When it came time to try again, I was not entirely confident I was ready. Although the truth is that we both want a family and we are not getting any younger. When we got a positive reading on an at home pregnancy test on Mother’s Day, I could not help but feel like it was a sign. We were going to have our rainbow baby! (Side note: Rainbow baby is a term used for a baby that is born after miscarriage. Like in the real world, a rainbow follows a storm: a symbol of hope.)

This time around we kept the news to ourselves. We wanted to know what was going on, what we needed to do, and what we were to expect before letting the outside world in on it. As soon as the OBGYN office was open that Monday morning, I was on the phone trying to get in to see someone. Turns out that whether you are high risk or not, the head of the clinic does not give a damn. After many calls, many tears, many reminders that it is their job to take care of my baby and to give it the best chance at life, and not to mention the previous doctor I had seen there (who has since left, go figure) said there were several steps that needed to be taken once I became pregnant again, they agreed to see me at what we thought might be my sixth week (the following week). They also put me on a progesterone supplement (the hormone that dropped significantly before my last miscarriage). We crossed our fingers and toes and tried to relax.

The next Tuesday I started noticing symptoms that had occurred towards the beginning of my last miscarriage. Five attempts at drawing my blood, two IVs of fluid, an inconclusive ultrasound and pelvic examine, and six hours later, we left the ER knowing just about as much as we did going in. The symptoms I had correlated with side effects of the hormone supplement, so we tried to think positive. The following Thursday, an hour before my OBGYN appointment, it became evident that I was having another miscarriage.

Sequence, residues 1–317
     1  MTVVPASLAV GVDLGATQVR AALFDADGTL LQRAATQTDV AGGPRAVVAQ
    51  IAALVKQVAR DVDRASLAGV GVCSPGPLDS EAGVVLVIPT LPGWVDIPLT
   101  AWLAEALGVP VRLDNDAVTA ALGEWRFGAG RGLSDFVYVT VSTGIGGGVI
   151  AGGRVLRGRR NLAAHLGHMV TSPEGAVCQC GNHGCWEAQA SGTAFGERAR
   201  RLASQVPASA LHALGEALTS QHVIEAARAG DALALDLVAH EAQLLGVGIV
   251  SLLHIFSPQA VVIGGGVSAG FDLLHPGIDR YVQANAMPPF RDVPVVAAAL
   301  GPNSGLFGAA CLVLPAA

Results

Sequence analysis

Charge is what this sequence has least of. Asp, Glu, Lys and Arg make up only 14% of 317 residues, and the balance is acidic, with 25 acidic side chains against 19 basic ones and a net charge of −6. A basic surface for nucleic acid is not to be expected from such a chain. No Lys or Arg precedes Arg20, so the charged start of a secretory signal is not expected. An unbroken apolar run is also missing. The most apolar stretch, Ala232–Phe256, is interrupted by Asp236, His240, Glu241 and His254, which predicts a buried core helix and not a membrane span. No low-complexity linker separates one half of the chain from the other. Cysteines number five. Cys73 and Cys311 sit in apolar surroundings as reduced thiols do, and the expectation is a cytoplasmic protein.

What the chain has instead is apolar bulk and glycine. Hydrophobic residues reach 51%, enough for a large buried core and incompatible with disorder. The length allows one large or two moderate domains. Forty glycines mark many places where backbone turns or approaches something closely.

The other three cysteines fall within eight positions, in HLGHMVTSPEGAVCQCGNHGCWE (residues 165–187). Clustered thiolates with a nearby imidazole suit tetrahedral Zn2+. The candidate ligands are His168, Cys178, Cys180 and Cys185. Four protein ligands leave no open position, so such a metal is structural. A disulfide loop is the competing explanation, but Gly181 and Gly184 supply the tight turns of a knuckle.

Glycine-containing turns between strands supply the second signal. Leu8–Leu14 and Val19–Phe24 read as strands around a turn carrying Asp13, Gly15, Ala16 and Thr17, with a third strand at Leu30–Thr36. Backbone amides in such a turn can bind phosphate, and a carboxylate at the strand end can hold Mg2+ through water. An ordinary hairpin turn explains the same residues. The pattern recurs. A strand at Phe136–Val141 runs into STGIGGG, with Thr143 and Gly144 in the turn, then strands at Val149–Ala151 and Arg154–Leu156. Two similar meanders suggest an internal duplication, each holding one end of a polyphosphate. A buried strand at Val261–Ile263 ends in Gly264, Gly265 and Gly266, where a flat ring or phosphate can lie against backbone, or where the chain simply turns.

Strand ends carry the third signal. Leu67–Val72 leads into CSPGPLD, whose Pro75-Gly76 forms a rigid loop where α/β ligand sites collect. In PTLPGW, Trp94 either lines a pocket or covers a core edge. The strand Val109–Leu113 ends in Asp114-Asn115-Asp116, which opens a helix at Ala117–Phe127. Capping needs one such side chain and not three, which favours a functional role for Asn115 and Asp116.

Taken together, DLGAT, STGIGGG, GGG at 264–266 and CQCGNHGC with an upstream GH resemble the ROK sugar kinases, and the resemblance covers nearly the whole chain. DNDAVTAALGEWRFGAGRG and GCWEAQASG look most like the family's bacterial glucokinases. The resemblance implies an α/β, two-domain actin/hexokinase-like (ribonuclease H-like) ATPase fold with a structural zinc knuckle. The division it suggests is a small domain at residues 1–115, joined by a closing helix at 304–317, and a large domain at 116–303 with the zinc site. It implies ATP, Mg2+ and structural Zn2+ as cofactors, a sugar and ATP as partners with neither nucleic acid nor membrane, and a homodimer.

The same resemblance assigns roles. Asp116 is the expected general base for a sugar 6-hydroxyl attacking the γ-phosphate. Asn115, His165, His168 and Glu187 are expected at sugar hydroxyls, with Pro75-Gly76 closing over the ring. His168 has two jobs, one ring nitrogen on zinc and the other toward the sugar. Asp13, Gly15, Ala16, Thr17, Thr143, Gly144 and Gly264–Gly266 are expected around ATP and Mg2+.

Turns out my replacement doctor is quite the compassionate guy. He did what he could, which wasn’t much, but he was able to make us laugh. He did raise the concern that my pregnancy could be ectopic (a pregnancy that forms outside the uterus that if it continued to grow – could cause a slew of other problems). I’m still not sure how we’re feeling about that matter, really, but my pregnancy hormones began to drop and have done so significantly since.

Here I am. Again.

I am a mother to two baby angels. My children were born with wings.

Que sera, sera. Maybe we’ll have rainbows one day, but the future’s not ours to see.

After the last miscarriage, I know who will be there for us and who won’t. I’m thankful for the internet because I’ve spoken with so many lovely people who know exactly what it’s like – and without them, this would have been so incredibly difficult.

It’s devastating. We’ve been here before. I’ve had all this happen to me, taken all the same pain killers, and had all the emotions that those pills cannot dull. Part of me says it was not as bad this time around, but I know that probably has a lot to do with the fact that I’m used to the lingering emotional pain.

Think what you will, but miscarriage is not something you get over. It’s not a pain that just goes away with time. It’s a scar left on me, two times over now, that will be with me forever. Those were our babies, and we will never get to hold them, kiss them, watch them grow and have families of their own. No, that’s not something you just get over. Miscarriage is a pain that you get used to.

I lazily posted on Facebook that we had two angels watching over us now. There’s so much happiness and things to celebrate back home in California that I hate to even attempt to distract away from it. Although, friends and family, if you’re reading this, we could use a little “thinking of you” our way. Kansas feels that much further from home these days.

I’m so jealous of the women who get to start sentences off with “When my baby is born-” because I will never have that comfort. If I ever have a baby. It will always be “If my baby is born.”

We will not be defeated, not yet. We will try again. We will be making our way out to Kansas City again to see the endocrine and fertility specialist soon.

Keep your fingers crossed for us please. We could use all the good juju, baby dust, hopes, wishes, prayers, all of that. ♥